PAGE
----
LCH.Clearnet plans to clear credit default swaps (CDS) in the eurozone by the end of the year, having already launched a CDS clearing service in the UK.
The London-based clearing house said its decision has been made "in response to both regulator and market demand". The proposed service will go live in December 2009, subject to regulatory approval, and will be managed by the Paris-based LCH.Clearnet SA, the clearing house's European arm, which is overseen by French, Dutch, Belgian and Portuguese regulators.
On December 22, 2008, in partnership with derivatives exchange Liffe, LCH.Clearnet launched a clearing service for series 8, 9 and 10 of the Markit iTraxx Europe CDS indexes.
When the eurozone clearing service is launched, it will face competition from the Frankfurt-based derivatives exchange Eurex, which plans to roll out a CDS clearing service in March for trades linked to series 7, 8, 9, 10 and 11 of the iTraxx Europe, Hi-Vol and Crossover indexes. The Atlanta-based Intercontinental Exchange (Ice) has also confirmed its intention to establish a European-based clearing house, to satisfy the demands of the European Commission.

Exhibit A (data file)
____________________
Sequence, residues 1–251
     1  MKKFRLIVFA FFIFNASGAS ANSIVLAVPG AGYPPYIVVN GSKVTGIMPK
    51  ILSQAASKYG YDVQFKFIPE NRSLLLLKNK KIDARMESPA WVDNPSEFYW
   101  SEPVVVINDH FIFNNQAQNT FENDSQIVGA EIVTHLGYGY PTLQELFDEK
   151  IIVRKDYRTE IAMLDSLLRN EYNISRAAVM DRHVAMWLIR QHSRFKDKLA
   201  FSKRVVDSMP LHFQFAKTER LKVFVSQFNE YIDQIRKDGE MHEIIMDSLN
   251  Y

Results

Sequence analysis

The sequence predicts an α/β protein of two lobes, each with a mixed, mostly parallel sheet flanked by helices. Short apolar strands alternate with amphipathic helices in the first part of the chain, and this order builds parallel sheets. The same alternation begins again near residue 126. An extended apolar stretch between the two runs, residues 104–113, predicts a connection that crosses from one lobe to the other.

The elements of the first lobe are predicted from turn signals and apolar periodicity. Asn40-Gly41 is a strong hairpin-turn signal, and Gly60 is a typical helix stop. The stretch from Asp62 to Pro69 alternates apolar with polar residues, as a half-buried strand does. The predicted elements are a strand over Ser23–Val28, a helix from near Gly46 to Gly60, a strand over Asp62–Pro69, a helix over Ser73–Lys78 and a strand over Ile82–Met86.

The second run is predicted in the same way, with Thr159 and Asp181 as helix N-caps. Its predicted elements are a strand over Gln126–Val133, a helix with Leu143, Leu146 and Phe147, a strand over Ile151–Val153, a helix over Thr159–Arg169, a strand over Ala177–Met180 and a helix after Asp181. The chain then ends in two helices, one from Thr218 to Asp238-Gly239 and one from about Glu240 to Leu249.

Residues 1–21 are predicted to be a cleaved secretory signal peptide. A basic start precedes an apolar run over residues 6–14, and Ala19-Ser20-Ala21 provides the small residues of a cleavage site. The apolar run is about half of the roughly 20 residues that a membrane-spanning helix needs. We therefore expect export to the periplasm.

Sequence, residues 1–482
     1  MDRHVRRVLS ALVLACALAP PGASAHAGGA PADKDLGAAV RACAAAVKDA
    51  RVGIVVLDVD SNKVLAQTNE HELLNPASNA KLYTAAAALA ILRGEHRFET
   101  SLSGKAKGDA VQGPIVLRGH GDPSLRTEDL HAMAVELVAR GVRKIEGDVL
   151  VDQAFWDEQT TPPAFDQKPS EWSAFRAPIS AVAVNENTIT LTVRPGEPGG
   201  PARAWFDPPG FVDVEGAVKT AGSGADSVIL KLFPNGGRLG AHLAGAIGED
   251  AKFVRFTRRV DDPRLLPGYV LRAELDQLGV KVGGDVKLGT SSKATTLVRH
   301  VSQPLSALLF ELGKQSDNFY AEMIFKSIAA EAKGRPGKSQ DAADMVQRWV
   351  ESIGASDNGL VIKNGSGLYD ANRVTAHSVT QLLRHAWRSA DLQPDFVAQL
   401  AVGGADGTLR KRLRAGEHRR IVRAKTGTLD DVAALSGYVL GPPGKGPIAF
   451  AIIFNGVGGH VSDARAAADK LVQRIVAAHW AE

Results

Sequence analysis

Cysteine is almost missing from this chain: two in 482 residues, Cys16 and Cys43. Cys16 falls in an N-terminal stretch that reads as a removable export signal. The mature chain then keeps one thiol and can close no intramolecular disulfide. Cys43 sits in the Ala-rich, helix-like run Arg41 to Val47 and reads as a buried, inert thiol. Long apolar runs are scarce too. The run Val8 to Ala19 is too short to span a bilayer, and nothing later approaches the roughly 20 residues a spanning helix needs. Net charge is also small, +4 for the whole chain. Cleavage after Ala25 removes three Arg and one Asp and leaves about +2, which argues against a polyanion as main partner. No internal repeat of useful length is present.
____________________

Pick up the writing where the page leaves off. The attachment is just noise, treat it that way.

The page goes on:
LCH.Clearnet's new service will have a front-end matching system whereby CDS contracts are negotiated and agreed in the over-the-counter market before being cleared through LCH.Clearnet, probably via an exchange. A spokesperson for LCH.Clearnet said talks were under way with Liffe over a possible extension of the existing partnership.
The clearing house is also the subject of bid speculation, with a consortium of major US and European financial institutions, including Deutsche Bank, BNP Paribas, Société Générale, UBS, JP Morgan, HSBC and Royal Bank of Scotland, along with interdealer broker Icap, seeking to break up a non-binding merger agreement that the UK clearing house signed on October 22 with the US Depository Trust & Clearing Corporation.
Anthony Belchambers, chief executive of the Futures and Options Association, which opposes the creation of a eurozone CDS clearing service, said: "There is now a political wrapper that sits around the commercial and credit risk management reasons for needing a central counterparty (CCP) that is distorting the concept".
"There are already CCPs in the eurozone and CCPs in the non-eurozone area of Europe which are all able to deliver global solutions. We therefore have to question the need to mandate a European solution," he added.
Belchambers commented: "Ice and LCH have picked up the language and have made provisions to compete for business if Europe is to be cut up along these lines". Both firms have said that their new initiatives were responses to the European Commission's desire for an EU-domiciled clearing service for credit derivatives.
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